Wolfgang Amadeus Mozart
Symphony No.17 in G major, K.129

Media Review / Comparison

2016-02-14 — Original posting
2016-09-22 — Brushed up for better readability


Introduction / The Recordings

This posting is about the Symphony No.17 in G major, K.129, by Wolfgang Amadeus Mozart (1756 – 1791), of which I currently have two recordings:

Both these recordings are recent acquisitions on CD. In my LP collection, I only had Karl Böhm’s complete Mozart symphony recording, and I’m not particularly eager to listen to that again…

This mini-comparison is a by-product of my preparations for reviewing a recent concert at the Tonhalle in Zurich.

Background, About the Composition

Wolfgang Amadeus Mozart (1756 – 1791) wrote this symphony in 1772, aged 16. It is part of a group of 6 symphonies: K.128 (C major), K.129 (G major), K.130 (F major), K.132 (E♭ major), K.133 (D major), and K.134 (A major). Mozart’s biographers now think that the composer wanted to present a representative collection of symphonies to his new employer, Count Colloredo (Prince-Archbishop of Salzburg from 1771 until 1803).

The Movements

Along with the Symphony K.128, the Symphony No.17 in G major, K.129 has three movements only (the other symphonies in the group of six all have four movements):

I. Allegro (4/4)

46 + 68 bars, both parts with repeat signs
Just like the early Symphony No.5 in B♭ major, K.22, the movement starts with a simple, 4-bar theme with an ostinato accompaniment, and these 4 bars are repeated immediately:

Mozart: Symphony in G major, K.129, score sample: movement #1

Not just the accompaniment, but also the theme itself (certainly in its rhythmic structure) resembles that of the opening Allegro in the predecessor symphony (No.5 in B♭ major, K.22). There is a “Mannheim crescendo” (“Mannheim rocket”) in bars 31ff.

II. Andante (2/4)

30 + 43 bars, both parts with repeat signs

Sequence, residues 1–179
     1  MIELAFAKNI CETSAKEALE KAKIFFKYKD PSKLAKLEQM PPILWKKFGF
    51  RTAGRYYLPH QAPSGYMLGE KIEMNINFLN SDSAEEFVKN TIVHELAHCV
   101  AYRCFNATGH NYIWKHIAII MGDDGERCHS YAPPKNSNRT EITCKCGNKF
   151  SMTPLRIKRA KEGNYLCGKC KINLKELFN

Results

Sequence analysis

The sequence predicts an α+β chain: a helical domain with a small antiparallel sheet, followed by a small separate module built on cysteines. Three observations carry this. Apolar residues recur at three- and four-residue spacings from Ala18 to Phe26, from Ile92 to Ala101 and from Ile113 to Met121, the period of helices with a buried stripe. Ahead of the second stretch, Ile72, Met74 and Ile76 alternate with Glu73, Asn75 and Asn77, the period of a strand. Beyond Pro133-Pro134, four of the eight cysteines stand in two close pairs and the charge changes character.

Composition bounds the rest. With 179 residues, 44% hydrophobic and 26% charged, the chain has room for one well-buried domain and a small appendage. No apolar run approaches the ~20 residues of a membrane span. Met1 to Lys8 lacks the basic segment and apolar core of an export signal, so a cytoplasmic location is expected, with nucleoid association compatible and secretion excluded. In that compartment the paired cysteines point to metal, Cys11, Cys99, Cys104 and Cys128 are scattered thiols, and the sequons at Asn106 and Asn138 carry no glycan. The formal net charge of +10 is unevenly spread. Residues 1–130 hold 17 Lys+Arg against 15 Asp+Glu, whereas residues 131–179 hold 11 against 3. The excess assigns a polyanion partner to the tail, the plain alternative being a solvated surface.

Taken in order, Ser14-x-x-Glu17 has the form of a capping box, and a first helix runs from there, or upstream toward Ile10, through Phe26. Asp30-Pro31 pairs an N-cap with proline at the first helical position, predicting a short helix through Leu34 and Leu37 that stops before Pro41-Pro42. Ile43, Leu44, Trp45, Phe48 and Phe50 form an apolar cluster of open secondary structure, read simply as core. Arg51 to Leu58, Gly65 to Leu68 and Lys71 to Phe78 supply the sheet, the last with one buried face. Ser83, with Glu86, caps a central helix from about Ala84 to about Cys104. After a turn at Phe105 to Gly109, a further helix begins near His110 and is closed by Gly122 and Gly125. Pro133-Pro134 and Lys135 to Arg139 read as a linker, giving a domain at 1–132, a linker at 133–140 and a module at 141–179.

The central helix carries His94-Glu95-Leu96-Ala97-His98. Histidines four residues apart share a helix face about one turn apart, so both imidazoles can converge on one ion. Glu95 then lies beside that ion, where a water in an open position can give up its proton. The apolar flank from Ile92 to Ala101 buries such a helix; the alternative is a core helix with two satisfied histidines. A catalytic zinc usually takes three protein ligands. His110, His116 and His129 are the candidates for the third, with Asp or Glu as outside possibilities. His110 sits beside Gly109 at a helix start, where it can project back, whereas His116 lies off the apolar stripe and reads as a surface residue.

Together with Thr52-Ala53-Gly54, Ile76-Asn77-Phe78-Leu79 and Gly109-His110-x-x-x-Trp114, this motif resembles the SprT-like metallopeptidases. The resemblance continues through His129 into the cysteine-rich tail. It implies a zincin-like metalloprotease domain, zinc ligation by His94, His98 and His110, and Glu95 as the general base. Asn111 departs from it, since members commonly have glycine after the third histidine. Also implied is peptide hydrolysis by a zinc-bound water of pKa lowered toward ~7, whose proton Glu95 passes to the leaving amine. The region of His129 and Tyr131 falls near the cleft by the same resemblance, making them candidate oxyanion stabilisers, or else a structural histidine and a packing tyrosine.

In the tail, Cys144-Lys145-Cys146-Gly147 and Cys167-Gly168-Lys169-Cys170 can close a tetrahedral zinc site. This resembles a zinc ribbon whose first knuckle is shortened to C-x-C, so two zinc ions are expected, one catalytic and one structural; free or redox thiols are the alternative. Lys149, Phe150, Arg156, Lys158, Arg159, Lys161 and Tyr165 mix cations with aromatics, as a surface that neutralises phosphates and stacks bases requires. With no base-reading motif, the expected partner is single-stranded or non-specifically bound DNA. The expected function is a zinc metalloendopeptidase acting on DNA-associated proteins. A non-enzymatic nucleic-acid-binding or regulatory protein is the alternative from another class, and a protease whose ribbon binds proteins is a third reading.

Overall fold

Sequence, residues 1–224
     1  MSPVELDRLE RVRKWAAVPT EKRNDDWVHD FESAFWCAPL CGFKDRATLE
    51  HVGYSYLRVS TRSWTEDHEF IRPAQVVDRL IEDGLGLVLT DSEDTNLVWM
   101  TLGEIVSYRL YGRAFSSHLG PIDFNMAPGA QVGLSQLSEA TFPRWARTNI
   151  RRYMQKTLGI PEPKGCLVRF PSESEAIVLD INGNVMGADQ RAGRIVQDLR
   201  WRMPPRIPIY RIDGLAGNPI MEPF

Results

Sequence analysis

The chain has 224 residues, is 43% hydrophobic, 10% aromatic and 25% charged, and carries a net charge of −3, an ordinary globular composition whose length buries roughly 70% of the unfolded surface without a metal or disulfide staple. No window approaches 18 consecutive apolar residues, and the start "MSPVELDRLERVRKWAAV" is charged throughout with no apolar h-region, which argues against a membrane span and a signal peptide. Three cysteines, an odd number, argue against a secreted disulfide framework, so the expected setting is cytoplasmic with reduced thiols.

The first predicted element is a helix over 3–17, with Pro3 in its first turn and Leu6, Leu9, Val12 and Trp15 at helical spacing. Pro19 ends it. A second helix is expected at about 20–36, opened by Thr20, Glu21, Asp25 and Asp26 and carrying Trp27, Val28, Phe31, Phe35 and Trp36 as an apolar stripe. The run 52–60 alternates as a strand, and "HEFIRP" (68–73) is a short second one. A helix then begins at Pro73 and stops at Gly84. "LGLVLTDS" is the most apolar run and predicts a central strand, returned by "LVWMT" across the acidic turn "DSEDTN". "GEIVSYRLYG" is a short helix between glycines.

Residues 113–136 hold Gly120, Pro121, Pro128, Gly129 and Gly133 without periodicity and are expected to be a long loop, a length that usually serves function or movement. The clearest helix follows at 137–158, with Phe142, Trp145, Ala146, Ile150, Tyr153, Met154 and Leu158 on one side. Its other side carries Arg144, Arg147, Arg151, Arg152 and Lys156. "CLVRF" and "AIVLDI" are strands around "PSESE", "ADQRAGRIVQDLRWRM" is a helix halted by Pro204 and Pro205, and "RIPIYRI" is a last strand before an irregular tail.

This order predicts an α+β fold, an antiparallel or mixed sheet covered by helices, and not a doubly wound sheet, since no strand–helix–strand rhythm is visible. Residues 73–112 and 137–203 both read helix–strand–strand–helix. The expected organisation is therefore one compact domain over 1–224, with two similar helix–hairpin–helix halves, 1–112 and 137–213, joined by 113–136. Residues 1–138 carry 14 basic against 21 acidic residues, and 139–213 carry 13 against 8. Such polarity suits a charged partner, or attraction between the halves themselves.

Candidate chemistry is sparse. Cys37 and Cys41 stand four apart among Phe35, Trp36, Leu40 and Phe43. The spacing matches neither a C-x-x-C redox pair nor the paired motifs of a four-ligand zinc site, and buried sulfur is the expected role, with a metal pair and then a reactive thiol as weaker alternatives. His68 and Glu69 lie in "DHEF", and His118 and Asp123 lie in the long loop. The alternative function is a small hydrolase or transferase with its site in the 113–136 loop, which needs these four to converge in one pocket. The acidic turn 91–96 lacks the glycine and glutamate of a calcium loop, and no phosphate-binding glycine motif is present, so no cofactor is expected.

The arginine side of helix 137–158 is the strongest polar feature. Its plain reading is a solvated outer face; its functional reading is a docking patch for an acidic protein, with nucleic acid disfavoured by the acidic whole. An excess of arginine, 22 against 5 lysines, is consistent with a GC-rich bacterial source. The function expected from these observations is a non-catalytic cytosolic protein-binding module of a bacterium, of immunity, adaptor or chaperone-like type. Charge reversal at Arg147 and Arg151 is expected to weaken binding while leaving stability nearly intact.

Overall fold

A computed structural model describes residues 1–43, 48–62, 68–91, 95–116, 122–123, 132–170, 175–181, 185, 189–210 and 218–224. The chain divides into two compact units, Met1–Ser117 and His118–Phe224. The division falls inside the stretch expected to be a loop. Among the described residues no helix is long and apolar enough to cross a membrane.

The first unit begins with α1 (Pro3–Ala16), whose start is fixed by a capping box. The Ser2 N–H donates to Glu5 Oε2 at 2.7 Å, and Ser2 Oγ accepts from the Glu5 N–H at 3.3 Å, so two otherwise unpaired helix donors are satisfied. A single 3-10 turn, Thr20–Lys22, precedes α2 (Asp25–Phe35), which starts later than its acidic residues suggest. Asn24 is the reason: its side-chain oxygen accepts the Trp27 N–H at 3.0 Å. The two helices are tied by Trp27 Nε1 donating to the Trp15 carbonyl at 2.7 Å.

A calm, serene movement, almost like a serenade; the 2/4 time signature implies a faster tempo (for an Andante, with two beats per bar) than tradition may suggest:

Mozart: Symphony in G major, K.129, score sample: movement #2, beginning

An interesting feature is the canon-like beginning of the second part (also with repeat signs), which can be seen as 8-bar (mini-)development part in a classic sonata form:

Mozart: Symphony in G major, K.129, score sample: movement #2, part II

III. Allegro (3/8)

79 + 113 bars, both parts with repeat signs
The last movement is virtuosic (for that time, of course):The two violin voices have frequent, soft (p) duet segments, accompanied by the rest of the orchestra. Having these performed by soloists seems like an obvious idea, though not directly implied in the score.

Mozart: Symphony in G major, K.129, score sample: movement #3

The Interpretations

Both recordings below are historically informed and were recorded on period instruments:

Christopher Hogwood  / The Academy of Ancient Music

Mozart: Symphonies — Hogwood; CD cover

Mozart: The Symphonies

Christopher Hogwood / The Academy of Ancient Music

Decca / L’oiseau-lyre 452 496-2 (19 CDs, stereo); ℗ 1979 – 1986 / © 1997
Booklet: 127 pp. e/f/d/i

Mozart: Symphonies — Hogwood; CD, UPC-A barcode
amazon media link

For general information see the posting “Mozart: Symphony in D, K.19“. This symphony was recorded in 1981.

I. Allegro

Duration: 6’28” (1/4 = 146)
I very good interpretation in my opinion, transparent, with good, light articulation, both repeats played. The one irritating point is that the recapitulation (the return in the first theme in the second part) is oddly faster than the development phase, making it feel rushed. And this happens also in the repeat instance, so either this is intended, or both repeats used cuts from a faster recording track. The Mannheim crescendo in bars 31ff. could be more pronounced.